I recently had the experience of moving a pair of RAID1 storage disks from one server to another. It was not without difficulty.
Both server’s had the OS on a third non RAIDed drive, so i didn’t have to worry about being able to boot from them (thank god!)
The server they came from, an old MSI AMD motherboard had a Promise RAID controller built in. The Gigabyte board I was moving to did not, so I had to add an additional RAID controller on a PCI card.
The board chosen used a chipset from SilconImage – the Sil3114. This is an inexpensive card offering RAID0,1,5,10 & JBOD.
The card as delivered plugged into an empty PCI slot easy enough. However the motherboard recognised this only some of the time. (This was subsequently either resolved by a BIOS update to the card – more on this later – or pushing down hard on the card to ensure it was fully in – not sure which).
The Sil3114 card can be used in one of two configurations. As a RAID controller for up to 4 SATA drives. This requires a SATA RAID bios to be installed on the card (the default) and some SATARAID5 manager software to be installed in Windows.
OR – it can be used as a straight disk controller for up to 4 SATA drives (no RAID) – this is called “SATA Link” and requires SATA Link software in Windows. You can also install a SATA Link “base” BIOS to the card as well, instead of the RAID one, but since the SATARAID BIOS has a pass thru mode which allows the use of drives in a non RAID configuration, it makes you wonder why you’d bother.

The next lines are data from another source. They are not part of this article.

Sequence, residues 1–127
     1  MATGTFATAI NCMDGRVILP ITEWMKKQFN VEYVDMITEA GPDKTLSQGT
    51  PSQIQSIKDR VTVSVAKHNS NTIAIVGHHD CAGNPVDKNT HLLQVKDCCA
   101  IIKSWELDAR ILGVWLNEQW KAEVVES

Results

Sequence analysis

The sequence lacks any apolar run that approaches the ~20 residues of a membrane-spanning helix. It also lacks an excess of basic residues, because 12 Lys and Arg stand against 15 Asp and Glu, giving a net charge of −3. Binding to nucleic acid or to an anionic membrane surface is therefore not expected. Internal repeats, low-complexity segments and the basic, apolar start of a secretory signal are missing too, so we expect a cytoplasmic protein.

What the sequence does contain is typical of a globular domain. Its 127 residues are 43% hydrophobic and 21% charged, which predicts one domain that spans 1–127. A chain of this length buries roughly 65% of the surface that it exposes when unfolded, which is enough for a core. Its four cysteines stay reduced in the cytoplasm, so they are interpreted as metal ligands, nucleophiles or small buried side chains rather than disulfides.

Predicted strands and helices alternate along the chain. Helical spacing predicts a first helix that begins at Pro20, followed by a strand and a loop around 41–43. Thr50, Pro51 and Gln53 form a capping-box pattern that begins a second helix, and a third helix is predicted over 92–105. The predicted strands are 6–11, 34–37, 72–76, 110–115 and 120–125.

The job then was to plug the drives in, set them up as a RAID group without losing the data already on them and then get them visible and useable in Windows.
After plugging the drives in, I went into the Silicon Image SATA RAID BIOS utility. Here I was able to create a RAID1 group containing the two drives. I allowed it to re-mirror the data from one drive to the other as part of this. The mirroring process took several hours for my Samsung Spinpoint 500GB drives.
After booting into Windows, Windows 7 automatically downloaded a bunch of driver software which it seemed to think would work. It also added an item to the Windows Control Panel called “Silicon Logic SATA RAID”. Despite clicking on this item many times – it never did anything.
In addition to this you need to install the SATARAID5 manager software which allows you to configure the disks in windows. This can be downloaded from the SiliconImage website here:
Make sure you have at least version 18.104.22.168 of this.
These downloads inexplicably include an old copy of the Java virtual machine runtime environment. Ironically this doesn’t actually work with the SATARAID5 manager software it comes with. Genius! Although it will allow you to view the status of your disks – it won’t allow you to actually do anything with them, all the menu items just do nothing (I subsequently managed to run the manager in a console mode and found that all the menu items were throwing exceptions – ie: broken).
However if you install the latest version of the Java runtime from Sun (available here) – the manager software does work properly.